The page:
Wednesday, August 03, 2005

How Do You Measure A Life?

In the Broadway musical Rent, the theme song "Seasons of Love" poses the question "how do you measure a life?" After this past week, spending time with the Karmelich family, helping prepare for the funeral, and attending the funeral yesterday, it's certainly a question that has been going through my mind. Nothing like a funeral to give you a dose of perspective.

Ben Karmelich had some definite ideas about how to measure a life. He firmly believed in the value of a good education. The first in his family to go to college, he graduated from UC Berkeley and took graduate courses at USC. Years later, in his 60's, he spent part of a summer taking classes at Oxford, just for the pleasure of broadening his education.

He also believed in working hard and becoming successful. The child of a Croatian immigrant fisherman who died when Ben was 18, he worked his own way through college while helping to support his mother and younger siblings. After college, he worked in banks, working his way up to branch manager. In 1968, he started his own bank with 3 employees, and when he retired in 1993, his bank had 11 branches, 200 employees, and 25 consecutive years of profit and growth.

Most importantly, he believed in family. His family was his greatest joy, and his idea of success was to be happily married, to have children, and to raise his children to be well-educated, successful, happily married, and have children of their own. Ben enjoyed 47 years of happy marriage. Through his loving support and inspirational example, all of his four sons are very successful in their careers, and Ben lived to know six grandchildren from three of his sons. And just days before he died, Ben learned that his son Mark and Mark's wife Heather were expecting their first child. At the funeral, there were collages of photos from Ben's life, and especially in the ones from his sons' weddings, you could just see him beaming. I can only imagine how filled with joy he was at Mark and Heather's news.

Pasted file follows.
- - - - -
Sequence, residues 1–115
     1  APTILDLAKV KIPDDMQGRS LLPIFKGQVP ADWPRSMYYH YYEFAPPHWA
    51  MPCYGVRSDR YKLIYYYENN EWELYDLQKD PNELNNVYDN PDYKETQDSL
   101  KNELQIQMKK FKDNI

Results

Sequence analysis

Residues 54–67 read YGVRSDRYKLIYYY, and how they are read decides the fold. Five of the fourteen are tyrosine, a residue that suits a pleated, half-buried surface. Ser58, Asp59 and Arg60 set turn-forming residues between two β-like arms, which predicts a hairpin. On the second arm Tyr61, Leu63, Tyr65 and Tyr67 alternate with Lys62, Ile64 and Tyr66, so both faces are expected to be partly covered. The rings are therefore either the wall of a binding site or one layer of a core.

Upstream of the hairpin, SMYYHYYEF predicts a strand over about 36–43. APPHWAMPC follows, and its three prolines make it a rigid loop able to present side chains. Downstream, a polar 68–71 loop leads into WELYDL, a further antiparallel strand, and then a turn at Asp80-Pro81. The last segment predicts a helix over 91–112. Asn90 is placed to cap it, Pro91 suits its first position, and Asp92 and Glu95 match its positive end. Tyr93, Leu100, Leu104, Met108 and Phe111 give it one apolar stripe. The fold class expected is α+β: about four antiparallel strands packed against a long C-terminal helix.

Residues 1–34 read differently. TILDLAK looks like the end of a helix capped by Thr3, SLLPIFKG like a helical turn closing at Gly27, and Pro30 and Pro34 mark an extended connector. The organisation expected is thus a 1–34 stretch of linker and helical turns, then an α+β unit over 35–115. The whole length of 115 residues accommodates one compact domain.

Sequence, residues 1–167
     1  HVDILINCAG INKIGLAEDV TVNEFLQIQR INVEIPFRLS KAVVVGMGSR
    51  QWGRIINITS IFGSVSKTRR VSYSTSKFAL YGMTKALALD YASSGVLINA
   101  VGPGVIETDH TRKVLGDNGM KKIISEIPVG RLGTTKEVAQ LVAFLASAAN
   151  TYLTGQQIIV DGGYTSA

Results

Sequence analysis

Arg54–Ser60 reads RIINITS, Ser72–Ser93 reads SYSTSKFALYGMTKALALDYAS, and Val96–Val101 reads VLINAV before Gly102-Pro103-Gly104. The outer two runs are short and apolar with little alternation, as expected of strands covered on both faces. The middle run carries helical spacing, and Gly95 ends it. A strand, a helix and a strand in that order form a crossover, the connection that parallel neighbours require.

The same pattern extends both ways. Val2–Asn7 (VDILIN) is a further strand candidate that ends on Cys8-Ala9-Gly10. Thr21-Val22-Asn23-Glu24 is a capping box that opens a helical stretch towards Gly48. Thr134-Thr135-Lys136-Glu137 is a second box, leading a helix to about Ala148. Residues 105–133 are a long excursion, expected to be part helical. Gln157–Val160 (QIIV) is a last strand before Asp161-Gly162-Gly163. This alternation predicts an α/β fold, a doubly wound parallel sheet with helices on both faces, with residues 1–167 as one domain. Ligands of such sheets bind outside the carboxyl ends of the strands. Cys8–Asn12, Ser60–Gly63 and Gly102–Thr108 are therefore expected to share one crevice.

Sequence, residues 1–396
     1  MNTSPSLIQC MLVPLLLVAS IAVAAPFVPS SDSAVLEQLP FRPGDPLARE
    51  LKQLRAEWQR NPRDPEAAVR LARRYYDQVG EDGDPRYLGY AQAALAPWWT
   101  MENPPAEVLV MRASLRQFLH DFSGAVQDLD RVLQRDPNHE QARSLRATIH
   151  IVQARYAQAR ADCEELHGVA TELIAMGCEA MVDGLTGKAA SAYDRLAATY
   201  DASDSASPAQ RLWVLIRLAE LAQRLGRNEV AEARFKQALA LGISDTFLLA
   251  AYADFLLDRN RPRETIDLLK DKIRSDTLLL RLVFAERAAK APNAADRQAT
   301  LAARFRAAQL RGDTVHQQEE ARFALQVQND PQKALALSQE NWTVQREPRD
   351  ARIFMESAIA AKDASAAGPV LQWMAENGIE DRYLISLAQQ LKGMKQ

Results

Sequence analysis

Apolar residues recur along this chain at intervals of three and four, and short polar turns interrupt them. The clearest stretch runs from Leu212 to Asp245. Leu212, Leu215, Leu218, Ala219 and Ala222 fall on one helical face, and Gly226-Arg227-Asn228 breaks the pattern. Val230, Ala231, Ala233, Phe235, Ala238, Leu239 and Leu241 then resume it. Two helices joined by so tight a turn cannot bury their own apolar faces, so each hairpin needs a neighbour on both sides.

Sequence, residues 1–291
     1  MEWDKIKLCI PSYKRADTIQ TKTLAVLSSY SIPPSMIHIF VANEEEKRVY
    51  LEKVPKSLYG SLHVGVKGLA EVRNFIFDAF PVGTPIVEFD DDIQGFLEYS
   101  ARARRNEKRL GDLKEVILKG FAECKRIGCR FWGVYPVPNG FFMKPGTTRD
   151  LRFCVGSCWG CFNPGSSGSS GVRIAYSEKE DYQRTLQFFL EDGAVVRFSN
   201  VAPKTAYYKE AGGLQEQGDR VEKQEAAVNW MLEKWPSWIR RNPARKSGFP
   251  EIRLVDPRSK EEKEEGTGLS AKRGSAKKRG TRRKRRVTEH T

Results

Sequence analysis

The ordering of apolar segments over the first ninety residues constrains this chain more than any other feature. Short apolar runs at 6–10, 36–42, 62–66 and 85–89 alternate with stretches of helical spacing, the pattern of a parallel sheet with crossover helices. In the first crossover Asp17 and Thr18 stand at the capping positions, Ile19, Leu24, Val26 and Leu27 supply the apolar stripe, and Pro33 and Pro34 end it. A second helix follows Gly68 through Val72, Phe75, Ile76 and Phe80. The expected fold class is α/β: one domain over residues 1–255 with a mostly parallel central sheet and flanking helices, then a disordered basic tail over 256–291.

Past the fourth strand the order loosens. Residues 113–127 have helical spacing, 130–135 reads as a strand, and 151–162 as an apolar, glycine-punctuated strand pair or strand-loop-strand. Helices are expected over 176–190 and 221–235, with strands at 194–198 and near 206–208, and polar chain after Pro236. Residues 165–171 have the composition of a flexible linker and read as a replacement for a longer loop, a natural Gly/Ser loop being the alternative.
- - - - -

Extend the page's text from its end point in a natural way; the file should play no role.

One might also measure a life by how many people come to your funeral. Ben was kind, generous, and warm-hearted, and he touched the lives of many people, through his good treatment of his employees and customers, through his involvement in a litany of community organizations, and through his genuine interest in the lives of his extended family and many friends. Yesterday at the funeral, there were nearly 400 people to attest to the esteem in which he was held, including some who traveled great distances just to be there.

I'd say with some confidence that Ben Karmelich knew how to measure a life, and he was blessed to live his life to his fullest measures. He was not only blessed, but he was a blessing to those who knew him. His clear values, his example of living out his values, and his great joy in living such a life are an inspiration worth striving for.

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